More than twenty years into the ecommerce revolution, the idea of paying for products and services on a recurring basis has definitely carried over to the digital world. Businesses are abandoning the notion of one-time transactions for their products in favor of subscriptions as they realize that these sales are no longer enough to assure profitable, long-term revenue growth.
No longer does the customer relationship end with the swipe of a credit card.
But is it the best option for your company and customers? Let’s explore.
What Successful Subscription Businesses Have in Common
Companies like Netflix and Spotify are able to cultivate cohorts of customers who continue to submit additional payments over time for two interdependent reasons:
- Customers frequently use the service,
- The service is frequently updated.
If the service never improves, then usage declines, and the recurring revenue well dries up. This means that for subscription businesses, innovation is the key to ensuring customer loyalty, and thus, recurring revenue.
This differs from perpetual license businesses that depend on single transactions from their customers. In these perpetual license models, users pay a higher amount upfront to own the product regardless of how frequently they use it, and the product remains static until the next release a year or two down the line.
Following this line of thought, it’s also important to consider another benefit of subscriptions over perpetual licenses. With perpetual licenses, customer lifetime value is improved through maintenance/upgrade fees or selling additional units.
In the subscription world, lifetime value is improved with every successful renewal or billing event. Additionally, subscription businesses can increase lifetime values with a strategy for upselling customers to higher-tier plans and additional licenses for colleagues and family members.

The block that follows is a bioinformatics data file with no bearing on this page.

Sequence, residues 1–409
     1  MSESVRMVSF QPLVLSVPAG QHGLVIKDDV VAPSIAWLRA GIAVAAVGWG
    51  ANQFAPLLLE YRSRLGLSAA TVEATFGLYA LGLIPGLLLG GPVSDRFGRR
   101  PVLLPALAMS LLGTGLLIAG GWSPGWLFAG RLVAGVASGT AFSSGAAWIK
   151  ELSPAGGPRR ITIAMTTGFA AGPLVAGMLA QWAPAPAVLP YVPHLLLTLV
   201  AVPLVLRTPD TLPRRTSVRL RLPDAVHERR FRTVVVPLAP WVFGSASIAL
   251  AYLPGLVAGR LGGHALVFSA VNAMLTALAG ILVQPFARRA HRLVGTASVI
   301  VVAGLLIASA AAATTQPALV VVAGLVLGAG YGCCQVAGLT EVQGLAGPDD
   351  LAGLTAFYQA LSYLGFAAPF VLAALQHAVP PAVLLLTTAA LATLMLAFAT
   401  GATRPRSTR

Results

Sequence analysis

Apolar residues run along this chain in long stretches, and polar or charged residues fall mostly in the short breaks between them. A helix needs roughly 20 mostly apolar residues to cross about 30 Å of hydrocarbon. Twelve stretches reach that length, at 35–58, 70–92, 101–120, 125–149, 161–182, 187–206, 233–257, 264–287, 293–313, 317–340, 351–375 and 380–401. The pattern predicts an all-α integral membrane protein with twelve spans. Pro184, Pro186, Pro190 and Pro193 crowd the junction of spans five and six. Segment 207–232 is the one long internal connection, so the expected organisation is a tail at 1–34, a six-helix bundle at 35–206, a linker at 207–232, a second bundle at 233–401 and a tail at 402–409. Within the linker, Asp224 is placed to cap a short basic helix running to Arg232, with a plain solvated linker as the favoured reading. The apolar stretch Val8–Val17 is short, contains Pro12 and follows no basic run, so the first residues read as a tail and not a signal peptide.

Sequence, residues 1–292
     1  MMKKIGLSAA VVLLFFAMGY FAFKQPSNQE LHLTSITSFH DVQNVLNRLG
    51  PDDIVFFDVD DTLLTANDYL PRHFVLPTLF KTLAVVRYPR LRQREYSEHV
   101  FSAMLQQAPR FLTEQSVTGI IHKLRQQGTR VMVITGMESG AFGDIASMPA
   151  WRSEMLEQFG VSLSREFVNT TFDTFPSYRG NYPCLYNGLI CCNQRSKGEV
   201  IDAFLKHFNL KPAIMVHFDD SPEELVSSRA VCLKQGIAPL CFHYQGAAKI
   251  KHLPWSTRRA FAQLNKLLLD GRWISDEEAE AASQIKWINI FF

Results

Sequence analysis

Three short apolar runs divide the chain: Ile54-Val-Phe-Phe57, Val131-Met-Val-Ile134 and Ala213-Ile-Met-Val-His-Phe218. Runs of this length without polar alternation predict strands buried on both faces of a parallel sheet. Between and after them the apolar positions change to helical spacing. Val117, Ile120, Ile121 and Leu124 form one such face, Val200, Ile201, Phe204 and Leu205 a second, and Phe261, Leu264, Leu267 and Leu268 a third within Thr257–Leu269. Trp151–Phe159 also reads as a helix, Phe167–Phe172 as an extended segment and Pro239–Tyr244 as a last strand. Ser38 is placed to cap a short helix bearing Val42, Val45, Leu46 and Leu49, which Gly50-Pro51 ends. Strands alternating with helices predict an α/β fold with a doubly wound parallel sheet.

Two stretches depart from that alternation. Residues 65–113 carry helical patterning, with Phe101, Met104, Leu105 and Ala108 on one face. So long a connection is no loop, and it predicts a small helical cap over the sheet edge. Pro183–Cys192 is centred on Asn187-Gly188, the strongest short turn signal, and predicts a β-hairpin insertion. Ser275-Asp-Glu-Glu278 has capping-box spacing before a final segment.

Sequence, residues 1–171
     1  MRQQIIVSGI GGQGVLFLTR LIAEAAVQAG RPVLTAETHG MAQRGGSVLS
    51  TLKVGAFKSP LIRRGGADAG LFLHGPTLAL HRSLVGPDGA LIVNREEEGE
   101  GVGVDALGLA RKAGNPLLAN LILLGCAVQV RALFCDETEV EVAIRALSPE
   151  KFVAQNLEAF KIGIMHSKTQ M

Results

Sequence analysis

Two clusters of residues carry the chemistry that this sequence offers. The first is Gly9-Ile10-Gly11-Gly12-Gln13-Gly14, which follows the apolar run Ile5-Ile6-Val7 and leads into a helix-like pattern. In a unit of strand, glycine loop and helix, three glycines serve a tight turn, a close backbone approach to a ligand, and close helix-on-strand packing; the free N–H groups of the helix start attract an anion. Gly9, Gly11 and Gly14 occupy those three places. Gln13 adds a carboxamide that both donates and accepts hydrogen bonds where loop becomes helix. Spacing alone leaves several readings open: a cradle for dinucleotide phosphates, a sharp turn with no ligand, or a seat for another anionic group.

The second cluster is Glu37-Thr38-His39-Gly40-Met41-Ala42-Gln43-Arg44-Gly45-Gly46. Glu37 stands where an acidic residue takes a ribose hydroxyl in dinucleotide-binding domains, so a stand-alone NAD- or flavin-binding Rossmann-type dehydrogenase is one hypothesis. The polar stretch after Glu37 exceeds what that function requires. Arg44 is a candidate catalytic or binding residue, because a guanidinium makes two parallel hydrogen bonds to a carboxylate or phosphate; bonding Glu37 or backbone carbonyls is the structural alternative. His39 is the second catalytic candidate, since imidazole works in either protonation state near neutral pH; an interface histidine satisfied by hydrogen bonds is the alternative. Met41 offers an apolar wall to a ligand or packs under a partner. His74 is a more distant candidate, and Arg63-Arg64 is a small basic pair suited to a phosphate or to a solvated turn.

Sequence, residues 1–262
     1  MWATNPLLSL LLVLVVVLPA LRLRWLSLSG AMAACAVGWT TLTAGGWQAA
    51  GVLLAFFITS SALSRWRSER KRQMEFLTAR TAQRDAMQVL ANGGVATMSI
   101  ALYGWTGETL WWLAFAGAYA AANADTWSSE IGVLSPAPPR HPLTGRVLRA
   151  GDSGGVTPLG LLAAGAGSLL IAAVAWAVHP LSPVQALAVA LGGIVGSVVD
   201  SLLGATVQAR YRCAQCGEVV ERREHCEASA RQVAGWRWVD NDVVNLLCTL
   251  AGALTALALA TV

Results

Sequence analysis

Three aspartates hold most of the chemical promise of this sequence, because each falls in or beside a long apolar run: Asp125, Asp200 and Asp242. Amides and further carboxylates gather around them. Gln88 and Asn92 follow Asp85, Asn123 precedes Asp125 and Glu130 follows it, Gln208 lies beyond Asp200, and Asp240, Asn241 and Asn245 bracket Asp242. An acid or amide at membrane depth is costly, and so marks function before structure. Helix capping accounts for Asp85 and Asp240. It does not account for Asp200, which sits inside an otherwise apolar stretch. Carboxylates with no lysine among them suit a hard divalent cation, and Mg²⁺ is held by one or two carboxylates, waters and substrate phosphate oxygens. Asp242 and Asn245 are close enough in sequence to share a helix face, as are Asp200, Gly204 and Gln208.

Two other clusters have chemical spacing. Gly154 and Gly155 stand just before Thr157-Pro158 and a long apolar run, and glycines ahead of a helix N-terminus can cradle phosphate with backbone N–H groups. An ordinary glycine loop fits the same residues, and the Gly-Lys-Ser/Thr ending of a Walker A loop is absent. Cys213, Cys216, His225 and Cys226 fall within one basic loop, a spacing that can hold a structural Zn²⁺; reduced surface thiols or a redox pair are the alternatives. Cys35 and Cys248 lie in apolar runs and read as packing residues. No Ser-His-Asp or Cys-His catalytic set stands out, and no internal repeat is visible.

Types of Subscription Pricing Models
So let’s assume you frequently push updates to your service, your customers frequently use the service and find those updates valuable, and you’re looking to subscriptions because they provide consistent and predictable revenue.
It’s important to understand that there are different types of subscription models. Choosing the best one for your business is not always obvious.
Subscriptions based on time intervals are common. Think about how many services you pay the same price for every month. The key to success with this type of model is whether the customer consistently submits payment. Usually, this means encouraging automatic renewals. Some companies decide to bill subscribers monthly, while others choose annual or even quarterly billing intervals.
Your other option for billing customers in regular intervals is to measure value based on user activities. A usage-based pricing model — employed by companies such as Amazon EC2, Mixpanel and nearly all cell phone carriers — is a common example of this model. Activity-based intervals might not be as predictable source of revenue like time-based subscriptions, but their advantage is bringing in greater revenue than billing based on a flat fee, especially from your base of power users.
All in all, with a subscription business model, provided you focus heavily on customer experience and relationships, your business stands to gain a stream of recurring revenue, improved business planning and loyal customers.